I think that's missing in a lot of travel books these days.  Brothels, shrines, and slums are definitely "walk the line" tours.  But it depends on a variety of circumstances.  A brothel in Las Vegas, I would think, would be perfectly in keeping with a local's view of the town and should have been included in your book.

    I've encountered a wedding procession in the lobby of my hotel in Egypt that I couldn't help photographing given the spectacle and I've joined the tourist brigade to view a cremation in Bali (not only sanctioned by locals but advertised and charged admission.)   On the flip side, at the Louvre museum there are big bold multi-lingual signs that ask people not to photograph the Mona Lisa as the flash bulbs were slowly eroding the portrait.  That didn't stop the hordes.  One has to feel it out each situation and make a valued judgement.

  • Do I think voyeurism of most kinds should be avoided? Yes. I believe travel is about interpolation of cultures not sticking out and imposing upon rituals. However, if the institution/ritual/wedding party specifically invite visitors to come have a look, i.e. the brothel, than I think it's not wrong to include that in a guidebook. Obviously, something like the wedding party did not ask for visitors, yet the brothel does.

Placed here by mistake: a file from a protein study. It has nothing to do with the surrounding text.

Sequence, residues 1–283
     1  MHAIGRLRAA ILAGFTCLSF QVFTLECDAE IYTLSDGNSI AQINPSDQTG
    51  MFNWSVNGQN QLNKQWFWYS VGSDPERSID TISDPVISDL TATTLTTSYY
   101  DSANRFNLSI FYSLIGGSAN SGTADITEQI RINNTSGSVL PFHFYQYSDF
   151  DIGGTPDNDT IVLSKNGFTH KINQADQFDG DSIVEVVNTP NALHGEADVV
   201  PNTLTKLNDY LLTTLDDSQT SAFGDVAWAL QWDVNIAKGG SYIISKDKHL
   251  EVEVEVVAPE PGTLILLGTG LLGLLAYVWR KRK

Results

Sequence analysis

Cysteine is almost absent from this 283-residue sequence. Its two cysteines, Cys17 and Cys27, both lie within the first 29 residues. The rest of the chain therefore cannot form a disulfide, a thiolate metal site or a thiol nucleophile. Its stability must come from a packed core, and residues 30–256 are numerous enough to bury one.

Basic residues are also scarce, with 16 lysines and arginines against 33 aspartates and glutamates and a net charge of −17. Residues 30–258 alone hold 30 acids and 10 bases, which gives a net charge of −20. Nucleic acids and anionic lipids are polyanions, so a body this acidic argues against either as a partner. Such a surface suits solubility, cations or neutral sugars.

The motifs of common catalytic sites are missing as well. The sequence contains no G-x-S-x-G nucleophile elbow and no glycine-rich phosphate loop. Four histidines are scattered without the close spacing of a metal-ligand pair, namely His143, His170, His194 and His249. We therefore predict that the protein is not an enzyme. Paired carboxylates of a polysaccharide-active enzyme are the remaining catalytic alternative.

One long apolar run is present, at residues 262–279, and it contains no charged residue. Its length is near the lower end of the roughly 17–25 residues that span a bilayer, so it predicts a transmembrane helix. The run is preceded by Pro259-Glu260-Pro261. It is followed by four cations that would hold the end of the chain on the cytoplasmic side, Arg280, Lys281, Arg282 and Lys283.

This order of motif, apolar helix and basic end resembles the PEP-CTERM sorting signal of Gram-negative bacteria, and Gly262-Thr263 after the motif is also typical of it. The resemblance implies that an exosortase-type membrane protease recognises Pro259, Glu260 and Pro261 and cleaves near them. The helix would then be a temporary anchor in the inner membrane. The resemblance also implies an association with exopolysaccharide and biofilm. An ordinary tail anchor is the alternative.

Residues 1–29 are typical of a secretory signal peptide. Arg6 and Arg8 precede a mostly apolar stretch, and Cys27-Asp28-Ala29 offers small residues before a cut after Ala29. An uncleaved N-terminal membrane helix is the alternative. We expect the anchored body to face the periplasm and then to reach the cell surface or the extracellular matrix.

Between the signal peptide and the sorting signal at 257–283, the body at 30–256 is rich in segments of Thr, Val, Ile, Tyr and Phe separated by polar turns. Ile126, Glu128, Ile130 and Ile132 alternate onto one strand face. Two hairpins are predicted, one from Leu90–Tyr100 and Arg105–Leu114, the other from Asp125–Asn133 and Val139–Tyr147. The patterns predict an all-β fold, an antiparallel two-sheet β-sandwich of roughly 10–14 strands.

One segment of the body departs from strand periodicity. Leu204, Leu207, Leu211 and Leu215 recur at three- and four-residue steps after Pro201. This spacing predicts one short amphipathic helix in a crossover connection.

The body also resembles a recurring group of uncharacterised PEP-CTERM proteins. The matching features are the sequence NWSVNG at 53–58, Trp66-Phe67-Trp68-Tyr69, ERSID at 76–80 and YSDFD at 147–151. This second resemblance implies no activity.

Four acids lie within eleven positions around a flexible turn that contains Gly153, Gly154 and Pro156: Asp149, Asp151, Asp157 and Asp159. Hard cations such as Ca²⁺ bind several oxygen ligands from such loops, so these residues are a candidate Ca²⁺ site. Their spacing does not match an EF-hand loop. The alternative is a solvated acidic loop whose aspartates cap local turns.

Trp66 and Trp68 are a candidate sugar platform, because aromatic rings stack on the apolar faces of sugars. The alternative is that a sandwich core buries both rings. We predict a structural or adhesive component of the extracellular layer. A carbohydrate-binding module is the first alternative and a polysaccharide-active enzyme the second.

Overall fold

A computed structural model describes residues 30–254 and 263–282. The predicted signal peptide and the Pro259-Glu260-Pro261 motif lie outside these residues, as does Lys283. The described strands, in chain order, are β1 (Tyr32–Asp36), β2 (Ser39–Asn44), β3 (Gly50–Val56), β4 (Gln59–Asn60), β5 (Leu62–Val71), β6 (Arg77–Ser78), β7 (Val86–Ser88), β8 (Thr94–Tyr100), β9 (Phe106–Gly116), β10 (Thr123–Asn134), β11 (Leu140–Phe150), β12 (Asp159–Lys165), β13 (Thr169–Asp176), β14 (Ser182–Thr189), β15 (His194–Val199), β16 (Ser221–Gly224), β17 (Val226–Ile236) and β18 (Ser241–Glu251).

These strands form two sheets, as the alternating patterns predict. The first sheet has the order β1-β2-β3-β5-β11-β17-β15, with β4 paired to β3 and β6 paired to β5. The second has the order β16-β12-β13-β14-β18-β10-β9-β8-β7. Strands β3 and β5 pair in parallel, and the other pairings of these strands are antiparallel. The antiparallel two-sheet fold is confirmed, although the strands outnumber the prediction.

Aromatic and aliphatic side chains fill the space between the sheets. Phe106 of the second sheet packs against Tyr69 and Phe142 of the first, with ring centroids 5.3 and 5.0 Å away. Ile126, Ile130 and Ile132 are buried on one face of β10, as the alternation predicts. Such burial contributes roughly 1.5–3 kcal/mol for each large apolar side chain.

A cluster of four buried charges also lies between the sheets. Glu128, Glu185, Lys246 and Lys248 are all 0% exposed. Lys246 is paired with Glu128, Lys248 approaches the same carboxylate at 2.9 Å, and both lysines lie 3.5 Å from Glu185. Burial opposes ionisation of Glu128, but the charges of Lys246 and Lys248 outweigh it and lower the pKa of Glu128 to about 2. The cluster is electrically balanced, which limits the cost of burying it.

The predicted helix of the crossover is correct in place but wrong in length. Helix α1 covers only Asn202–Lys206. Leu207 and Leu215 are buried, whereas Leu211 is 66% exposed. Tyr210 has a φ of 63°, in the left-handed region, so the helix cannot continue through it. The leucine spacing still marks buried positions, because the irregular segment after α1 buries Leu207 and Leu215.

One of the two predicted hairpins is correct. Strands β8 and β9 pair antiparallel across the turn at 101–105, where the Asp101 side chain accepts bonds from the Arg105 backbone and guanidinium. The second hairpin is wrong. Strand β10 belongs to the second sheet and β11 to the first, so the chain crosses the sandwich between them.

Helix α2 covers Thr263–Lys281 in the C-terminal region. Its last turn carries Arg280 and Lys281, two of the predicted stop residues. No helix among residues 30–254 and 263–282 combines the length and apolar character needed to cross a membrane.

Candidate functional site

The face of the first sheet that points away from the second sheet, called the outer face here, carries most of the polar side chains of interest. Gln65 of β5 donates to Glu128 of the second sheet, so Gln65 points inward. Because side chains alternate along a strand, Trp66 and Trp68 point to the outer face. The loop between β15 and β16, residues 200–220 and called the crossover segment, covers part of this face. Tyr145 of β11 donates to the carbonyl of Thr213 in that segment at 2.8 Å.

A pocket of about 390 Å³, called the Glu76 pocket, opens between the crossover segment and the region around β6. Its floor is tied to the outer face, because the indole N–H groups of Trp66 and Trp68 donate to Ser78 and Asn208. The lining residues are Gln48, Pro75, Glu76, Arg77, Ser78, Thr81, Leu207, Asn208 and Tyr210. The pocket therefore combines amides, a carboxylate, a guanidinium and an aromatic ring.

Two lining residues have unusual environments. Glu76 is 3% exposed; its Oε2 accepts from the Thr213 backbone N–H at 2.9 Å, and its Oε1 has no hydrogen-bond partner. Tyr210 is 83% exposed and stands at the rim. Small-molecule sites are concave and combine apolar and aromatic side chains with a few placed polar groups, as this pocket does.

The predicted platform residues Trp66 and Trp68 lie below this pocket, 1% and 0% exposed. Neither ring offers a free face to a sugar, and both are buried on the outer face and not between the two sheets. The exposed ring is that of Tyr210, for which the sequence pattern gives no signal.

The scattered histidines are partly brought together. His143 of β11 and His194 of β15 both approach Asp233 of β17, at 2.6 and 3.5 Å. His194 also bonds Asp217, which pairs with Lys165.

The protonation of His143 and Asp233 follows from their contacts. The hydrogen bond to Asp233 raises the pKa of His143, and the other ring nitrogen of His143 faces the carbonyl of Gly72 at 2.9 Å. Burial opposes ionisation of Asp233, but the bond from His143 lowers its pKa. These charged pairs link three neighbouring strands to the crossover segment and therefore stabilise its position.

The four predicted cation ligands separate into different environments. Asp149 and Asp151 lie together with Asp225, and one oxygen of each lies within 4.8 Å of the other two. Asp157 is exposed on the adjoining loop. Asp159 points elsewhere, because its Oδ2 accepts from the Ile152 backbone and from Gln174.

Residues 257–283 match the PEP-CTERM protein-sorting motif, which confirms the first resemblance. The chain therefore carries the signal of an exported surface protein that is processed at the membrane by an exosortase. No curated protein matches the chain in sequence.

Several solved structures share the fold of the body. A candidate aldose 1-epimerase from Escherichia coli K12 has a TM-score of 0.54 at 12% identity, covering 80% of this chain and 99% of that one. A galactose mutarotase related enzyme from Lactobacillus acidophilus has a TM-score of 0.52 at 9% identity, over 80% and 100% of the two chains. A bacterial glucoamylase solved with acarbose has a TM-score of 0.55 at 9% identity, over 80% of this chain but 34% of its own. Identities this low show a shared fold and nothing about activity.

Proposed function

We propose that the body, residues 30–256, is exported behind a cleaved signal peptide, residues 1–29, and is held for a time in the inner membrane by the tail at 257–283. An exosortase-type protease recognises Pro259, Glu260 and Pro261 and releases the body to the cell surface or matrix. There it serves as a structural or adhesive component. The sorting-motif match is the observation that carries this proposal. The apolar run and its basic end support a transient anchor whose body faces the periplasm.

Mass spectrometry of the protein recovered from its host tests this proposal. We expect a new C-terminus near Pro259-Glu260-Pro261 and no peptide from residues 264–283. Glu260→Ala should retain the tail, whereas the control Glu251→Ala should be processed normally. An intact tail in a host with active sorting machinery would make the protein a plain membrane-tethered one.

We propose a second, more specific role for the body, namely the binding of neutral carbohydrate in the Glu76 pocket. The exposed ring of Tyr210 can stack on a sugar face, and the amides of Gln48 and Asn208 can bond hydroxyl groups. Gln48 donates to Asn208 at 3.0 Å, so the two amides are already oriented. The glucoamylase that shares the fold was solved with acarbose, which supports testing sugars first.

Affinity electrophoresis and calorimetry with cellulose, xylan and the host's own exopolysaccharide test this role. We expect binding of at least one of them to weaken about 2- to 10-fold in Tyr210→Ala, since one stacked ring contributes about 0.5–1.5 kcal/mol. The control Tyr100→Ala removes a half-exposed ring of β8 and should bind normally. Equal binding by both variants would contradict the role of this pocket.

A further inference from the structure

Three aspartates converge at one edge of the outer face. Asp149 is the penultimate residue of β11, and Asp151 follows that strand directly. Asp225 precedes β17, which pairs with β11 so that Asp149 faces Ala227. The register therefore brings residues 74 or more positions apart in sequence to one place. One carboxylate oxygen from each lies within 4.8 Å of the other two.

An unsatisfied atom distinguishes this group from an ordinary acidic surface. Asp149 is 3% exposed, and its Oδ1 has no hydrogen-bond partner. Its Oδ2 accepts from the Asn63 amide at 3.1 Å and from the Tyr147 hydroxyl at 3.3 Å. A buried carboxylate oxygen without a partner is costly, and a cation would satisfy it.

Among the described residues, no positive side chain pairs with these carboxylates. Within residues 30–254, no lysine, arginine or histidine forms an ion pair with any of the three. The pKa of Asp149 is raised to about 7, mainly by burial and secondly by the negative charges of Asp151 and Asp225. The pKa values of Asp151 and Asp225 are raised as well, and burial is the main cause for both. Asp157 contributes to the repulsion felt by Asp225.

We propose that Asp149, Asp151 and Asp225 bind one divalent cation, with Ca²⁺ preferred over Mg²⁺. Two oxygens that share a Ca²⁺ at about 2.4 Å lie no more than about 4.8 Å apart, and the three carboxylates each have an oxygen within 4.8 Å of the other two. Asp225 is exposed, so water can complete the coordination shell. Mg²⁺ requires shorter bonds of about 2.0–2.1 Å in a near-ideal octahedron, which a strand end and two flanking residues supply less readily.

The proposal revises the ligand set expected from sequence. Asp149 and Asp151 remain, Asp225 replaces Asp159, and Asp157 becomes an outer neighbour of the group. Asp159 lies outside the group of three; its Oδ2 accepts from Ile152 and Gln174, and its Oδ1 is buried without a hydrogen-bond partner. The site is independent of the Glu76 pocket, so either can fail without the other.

• You raise some good points. Personally, I am not a fan of tours, but I think that a tour to see poverty is tasteless. If you want to see poverty first-hand, volunteer for an organization that helps the poor, don't go gawking. And what is the point- does it make you feel better to know you have money.

    To view other's religious celebrations is a privilege and one should not do the rituals unless one is a believer. If you do the rituals without the belief, it is empty and may cause offense.

    Re: brothel tours, mentioning they exist is not an endorsement. Some people may want to go on one, others not, personal choice. Excluding it from the book, in my opinion, was censorship.